Why do People Outsource?

Throughout our years of operation, we have had the opportunity to help many different clients realise the software components of their business goals. As one can imagine, to reach the position that we find ourselves in today, we have had to make our way through the process of approaching potential client’s more times than we could hope to keep count of. However, one thing that has continued to stand out is the repetition of a single phrase, ‘We have an internal team so we will never need to outsource’.

While the preference for many organisations will be to keep development work within internal teams, we know from experience that there are times when external assistance may need to be considered. So now this begs the question, what are the reasons that could drive an organisation to outsource a development?

For the most part, we have found that the answers to this question fall into one of two categories:

Lack of Internal Resources

Resource limitations are a big driving factor behind many organisations deciding to reach out for additional help. It may be that all existing teams are already tied up with the delivery of tasks that are equal or even greater in terms of priority. Maybe your team is too small in number to deal with a brief but rapid increase in demand, or a tight deadline will not provide you with the opportunity to bring in additional resources to meet the required demand.

Lack of Expertise

Maybe you have access to a suitable quantity of bodies but have found yourself facing a gap in the knowledge of key skills or experiences with a specific technique. Alternatively, a project may end up forcing internal specialists to complete work away from where they would give the most value, and having an external resource to provide the groundwork would help improve efficiency.

But why would I choose to outsource over other options such as contracting?

Of course, outsourcing is only one option out of many. Contracting has historically been a popular approach for dealing with many of the issues we have highlighted above, the foremost reason being the perceived lower cost. So why would an organisation decide to outsource over this alternative?

Scaling is easier when outsourcing

A big issue with contracting is that for each new body you bring onto a project, you face fundamental yet troublesome problems such as the availability of office space and key hardware and the overhead of management. By making the decision to outsource, this responsibility will be shifted onto your selected outsourcing partner.

There is a consistency in approaches to development

A notable risk of bringing in significant quantities of independent contractors is the potential for inconsistencies in development approaches. While coding standards will help to manage this risk, you will be bringing in individuals who have their own unique approaches and preferences in how they work. By reaching out to an outsourcing partner, you should be able to place trust in the fact that they will expect a level of quality from their employees, which will help ensure consistency in their approach to development. Not to mention that quality assurance processes should be in place to ensure that this is the case.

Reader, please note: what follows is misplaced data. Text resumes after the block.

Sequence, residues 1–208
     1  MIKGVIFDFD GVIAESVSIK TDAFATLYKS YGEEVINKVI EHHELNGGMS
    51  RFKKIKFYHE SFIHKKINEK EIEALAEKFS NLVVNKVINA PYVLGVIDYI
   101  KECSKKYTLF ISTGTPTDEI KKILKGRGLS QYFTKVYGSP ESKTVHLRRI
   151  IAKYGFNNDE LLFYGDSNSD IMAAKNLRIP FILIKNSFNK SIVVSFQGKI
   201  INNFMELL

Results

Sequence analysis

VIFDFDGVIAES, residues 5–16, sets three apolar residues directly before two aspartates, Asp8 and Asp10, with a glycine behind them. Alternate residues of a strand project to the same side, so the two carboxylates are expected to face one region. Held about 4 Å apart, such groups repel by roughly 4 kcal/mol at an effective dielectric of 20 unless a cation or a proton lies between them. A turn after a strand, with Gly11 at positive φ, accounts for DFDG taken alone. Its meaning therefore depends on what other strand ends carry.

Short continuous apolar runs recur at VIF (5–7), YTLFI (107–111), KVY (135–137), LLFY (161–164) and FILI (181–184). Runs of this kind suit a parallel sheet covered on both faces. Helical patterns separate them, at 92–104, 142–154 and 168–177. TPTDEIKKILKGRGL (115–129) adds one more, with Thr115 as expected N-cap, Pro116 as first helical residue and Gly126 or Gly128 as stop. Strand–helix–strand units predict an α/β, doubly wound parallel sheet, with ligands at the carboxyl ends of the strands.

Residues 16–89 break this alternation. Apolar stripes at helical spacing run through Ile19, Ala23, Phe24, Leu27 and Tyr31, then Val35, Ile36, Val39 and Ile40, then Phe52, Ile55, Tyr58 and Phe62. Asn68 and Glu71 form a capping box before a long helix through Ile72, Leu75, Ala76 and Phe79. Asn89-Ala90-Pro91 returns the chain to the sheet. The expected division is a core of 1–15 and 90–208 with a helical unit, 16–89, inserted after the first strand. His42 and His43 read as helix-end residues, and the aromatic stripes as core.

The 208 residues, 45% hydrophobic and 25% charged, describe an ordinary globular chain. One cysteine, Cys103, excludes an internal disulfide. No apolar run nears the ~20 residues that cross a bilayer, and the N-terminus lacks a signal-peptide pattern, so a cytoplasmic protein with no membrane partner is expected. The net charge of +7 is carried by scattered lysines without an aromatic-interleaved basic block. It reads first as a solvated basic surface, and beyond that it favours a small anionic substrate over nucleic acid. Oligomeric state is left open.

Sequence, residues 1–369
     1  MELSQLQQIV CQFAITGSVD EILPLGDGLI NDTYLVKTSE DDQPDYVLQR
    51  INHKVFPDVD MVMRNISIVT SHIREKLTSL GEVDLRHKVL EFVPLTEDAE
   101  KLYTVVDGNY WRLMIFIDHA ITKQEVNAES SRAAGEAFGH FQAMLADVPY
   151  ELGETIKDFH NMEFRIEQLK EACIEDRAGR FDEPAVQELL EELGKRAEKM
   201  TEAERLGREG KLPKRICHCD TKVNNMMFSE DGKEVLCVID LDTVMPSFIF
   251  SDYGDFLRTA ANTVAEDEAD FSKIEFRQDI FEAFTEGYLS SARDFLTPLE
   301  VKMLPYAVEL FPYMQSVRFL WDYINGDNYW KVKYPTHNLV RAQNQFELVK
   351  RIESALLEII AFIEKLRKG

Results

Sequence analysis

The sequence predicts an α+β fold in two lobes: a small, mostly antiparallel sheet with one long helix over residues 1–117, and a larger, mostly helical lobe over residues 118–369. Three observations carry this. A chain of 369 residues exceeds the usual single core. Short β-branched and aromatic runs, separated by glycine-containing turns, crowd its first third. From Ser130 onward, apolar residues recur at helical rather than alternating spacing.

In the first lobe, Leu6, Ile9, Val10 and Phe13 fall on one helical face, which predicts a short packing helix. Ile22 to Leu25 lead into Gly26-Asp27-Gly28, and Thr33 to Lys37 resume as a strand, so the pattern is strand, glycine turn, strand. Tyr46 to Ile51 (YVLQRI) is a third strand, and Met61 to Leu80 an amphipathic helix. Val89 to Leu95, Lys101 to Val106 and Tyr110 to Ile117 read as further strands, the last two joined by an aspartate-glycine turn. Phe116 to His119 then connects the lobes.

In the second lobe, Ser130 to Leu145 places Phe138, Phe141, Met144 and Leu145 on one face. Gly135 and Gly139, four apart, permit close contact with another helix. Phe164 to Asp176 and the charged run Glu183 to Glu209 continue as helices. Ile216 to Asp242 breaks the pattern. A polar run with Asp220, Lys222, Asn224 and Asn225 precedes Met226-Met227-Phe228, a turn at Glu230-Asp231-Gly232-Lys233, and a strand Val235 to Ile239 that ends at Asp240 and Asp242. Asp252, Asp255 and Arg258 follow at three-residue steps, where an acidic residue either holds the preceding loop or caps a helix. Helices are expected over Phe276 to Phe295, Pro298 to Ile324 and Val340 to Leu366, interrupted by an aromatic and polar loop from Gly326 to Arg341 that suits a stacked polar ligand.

You gain access to a diverse skill set across multiple IT disciplines

While contracting will limit you to the experience of a single person, when you outsource you gain the knowledge and expertise of a team. Just because a particular individual hasn’t been offered as a resource for your project doesn’t mean that they will not offer their advice or insights to those who are.

Outsourcing offers ready access to a team of people with the capacity to share knowledge and train other team members. So should one engineer become unavailable, there will already be another capable of filling this space, and the overhead of doing is this is born by the supplier not by the client as is the case when a contractor leaves.

It can be a cost-effective way to manage spikes in demand

When taken at face value, contracting can certainly seem more appealing in terms of costs. However, in cases where time would be wasted on familiarisation to bring in new contractors, outsourcing really begins to come into its own. Companies like Zircon are well placed to, collate key project experience and information into a knowledge base to aid the onboarding of new employees, as well as take the impact of staff movement within project teams away from your organisation.

There is also value in highlighting the fact that the cost-effectiveness of outsourcing only continues to increase as resource numbers continue to grow. While individual contractors attract a cost for the time spent getting up to speed, this cost is often reduced for an outsourced team as it tends to be carried by the supplier.

You gain a weapon to battle the headache that is management

By opening up a relationship with an outsourcing partner, you gain the opportunity to relieve yourself of the responsibility of the day to day management. It will be up to your chosen company to ensure progress is maintained, in turn allowing more time for key business activities.

Of course, even in the face of all these benefits, there is very little point in outsourcing a piece of work if you will be spending four out of seven work hours communicating with your outsource partner.